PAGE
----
It was a statement that relied upon stereotype and prejudice. When I wrote the first version of this post, I wanted to describe it as lazy. Lazy thinking based upon so-called “accepted wisdom” from a time when Irish people might be considered the enemy. But a wise and valued counsellor urged me to reflect on that use of the word lazy, and to be honest when she did, I reached a slightly deeper understanding of why it hit me so hard and perhaps how that man’s unpleasant slight was so easy for him to deliver.

His pronouncement wasn’t so much lazy as it was unevolved. Uncultured, Devoid of nuance.

And to make matters perhaps even a little more unsettling, my first version of this post was also full of knee jerk irritation. But I have since reflected on what the incident might have been set up to teach or show me? Where do I take popular opinion and pass it off as truth or rational thought? What assumptions was I making about him and his opinion? Perhaps he has suffered some personal tragedy in the conflict that was Northern Ireland in the latter half of the 20th Century and that frames his world view. I suppose what I’m saying is that despite being in a hurtful situation, sometimes it is better to move to understanding before engaging unevolved thought with an equally unevolved clap back.

I still don’t know if he has suffered in some way at the hands of the history of my home, but what did strike me was a more chilling thought. Could an out-dated set of assumptions about the Irish be making a comeback? Had they already?

Because we have been (relatively) peaceful in our green land for a fair few years, we have sort of been forgotten about. Now, in my view this is not a bad thing. It’s certainly a good thing to know that we had reached a kind of equilibrium to outsider eyes…even if we hadn’t. But you know what I mean.

Being able to set the Paddy’s to one side has allowed some to fall back on old attitudes and assumptions about us. Now at the risk of turning you off I’m going to mention the B word…you know the one. Starts with Brex and ends in chaos… But stick with me.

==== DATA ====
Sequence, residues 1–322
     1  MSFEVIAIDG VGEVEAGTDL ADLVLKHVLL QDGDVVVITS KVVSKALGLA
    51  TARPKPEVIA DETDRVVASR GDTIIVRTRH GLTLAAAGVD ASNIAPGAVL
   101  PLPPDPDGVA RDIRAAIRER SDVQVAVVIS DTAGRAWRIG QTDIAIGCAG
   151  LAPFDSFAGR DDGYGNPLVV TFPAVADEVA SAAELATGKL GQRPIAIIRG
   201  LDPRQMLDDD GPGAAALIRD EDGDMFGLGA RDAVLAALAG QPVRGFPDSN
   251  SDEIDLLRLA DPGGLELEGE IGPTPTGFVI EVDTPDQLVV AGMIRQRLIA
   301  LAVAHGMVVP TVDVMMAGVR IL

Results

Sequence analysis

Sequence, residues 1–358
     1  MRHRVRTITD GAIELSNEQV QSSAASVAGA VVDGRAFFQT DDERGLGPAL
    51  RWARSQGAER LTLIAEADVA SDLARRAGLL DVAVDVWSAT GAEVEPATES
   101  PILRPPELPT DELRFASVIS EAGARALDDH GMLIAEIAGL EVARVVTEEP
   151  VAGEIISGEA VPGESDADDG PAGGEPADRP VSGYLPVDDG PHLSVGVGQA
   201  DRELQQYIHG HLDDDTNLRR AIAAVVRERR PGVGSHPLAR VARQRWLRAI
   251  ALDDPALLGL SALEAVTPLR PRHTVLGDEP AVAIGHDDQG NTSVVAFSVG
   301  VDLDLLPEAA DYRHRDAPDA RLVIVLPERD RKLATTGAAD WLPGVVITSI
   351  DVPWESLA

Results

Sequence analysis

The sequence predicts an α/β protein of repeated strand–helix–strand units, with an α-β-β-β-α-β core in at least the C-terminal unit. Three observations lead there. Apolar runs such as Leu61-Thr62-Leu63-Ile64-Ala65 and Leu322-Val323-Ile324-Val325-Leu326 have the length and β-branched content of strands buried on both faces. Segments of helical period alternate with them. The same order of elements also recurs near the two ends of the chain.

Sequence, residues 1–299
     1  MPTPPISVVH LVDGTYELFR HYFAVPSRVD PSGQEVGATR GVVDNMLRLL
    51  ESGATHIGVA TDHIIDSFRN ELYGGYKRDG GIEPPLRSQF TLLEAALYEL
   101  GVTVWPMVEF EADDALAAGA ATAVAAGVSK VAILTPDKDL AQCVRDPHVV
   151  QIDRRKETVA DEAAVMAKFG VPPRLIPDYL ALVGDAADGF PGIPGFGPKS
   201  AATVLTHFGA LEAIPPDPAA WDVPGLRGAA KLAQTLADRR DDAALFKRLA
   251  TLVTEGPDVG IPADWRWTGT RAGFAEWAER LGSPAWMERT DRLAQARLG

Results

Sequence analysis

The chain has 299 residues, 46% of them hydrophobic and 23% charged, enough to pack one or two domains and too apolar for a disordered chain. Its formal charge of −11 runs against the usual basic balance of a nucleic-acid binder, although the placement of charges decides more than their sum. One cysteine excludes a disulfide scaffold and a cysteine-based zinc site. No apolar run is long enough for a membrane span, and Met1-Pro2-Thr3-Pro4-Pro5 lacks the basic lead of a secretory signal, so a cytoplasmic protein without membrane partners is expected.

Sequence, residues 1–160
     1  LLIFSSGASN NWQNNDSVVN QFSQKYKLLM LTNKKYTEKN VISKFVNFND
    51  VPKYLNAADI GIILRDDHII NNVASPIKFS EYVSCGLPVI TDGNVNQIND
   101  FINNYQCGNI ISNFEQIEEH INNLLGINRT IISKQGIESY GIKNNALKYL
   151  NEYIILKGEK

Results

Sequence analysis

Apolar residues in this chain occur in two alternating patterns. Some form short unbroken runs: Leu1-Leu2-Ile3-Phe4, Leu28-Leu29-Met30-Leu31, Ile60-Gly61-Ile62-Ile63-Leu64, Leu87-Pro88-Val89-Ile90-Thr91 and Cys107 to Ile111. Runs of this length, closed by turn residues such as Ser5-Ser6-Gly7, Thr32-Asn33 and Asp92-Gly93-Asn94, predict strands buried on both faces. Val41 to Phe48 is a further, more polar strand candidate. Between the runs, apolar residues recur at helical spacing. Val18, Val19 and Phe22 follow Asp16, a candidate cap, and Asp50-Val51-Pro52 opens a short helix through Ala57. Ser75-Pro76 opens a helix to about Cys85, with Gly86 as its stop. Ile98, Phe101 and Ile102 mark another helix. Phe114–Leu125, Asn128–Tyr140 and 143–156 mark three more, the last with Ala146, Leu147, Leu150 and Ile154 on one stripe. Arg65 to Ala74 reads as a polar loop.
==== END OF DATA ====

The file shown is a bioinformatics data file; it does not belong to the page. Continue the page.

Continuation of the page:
Such a return to those outdated attitudes towards the Irish kind of sums up why the whole Border/Backstop issue was simply ignored during the whole “B” word debate from the get-go. Of course, we now know it has become the ultimate Elephant in the political room.  And if leaders and citizens alike were NOT looking at that huge obstacle at the heart of this issue…what were they looking at? What messages were being pumped out to obfuscate examination of something so blindingly obvious?

Whatever…us Irish have hoved back into view, and I feel it is worth emphasizing that the overwhelming majority in Ireland want conflict to remain very firmly in their rear-view mirror…not to re-ignite it. It would be great if that shift in attitude from us was transferred to opinions about us too.

Have we been forgotten so completely that some can only remember stereotypical images of the Irish?  The answer is, sadly, yes. But forgetfulness can’t be the only reason why the issue of the border between the North and South of Ireland was able to grow big ears, a trunk and start eating peanuts in the very centre of our current political room…can it?

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© 2020 John A. Marley / Terms of Use / Privacy Policy / Website by Finding Nektar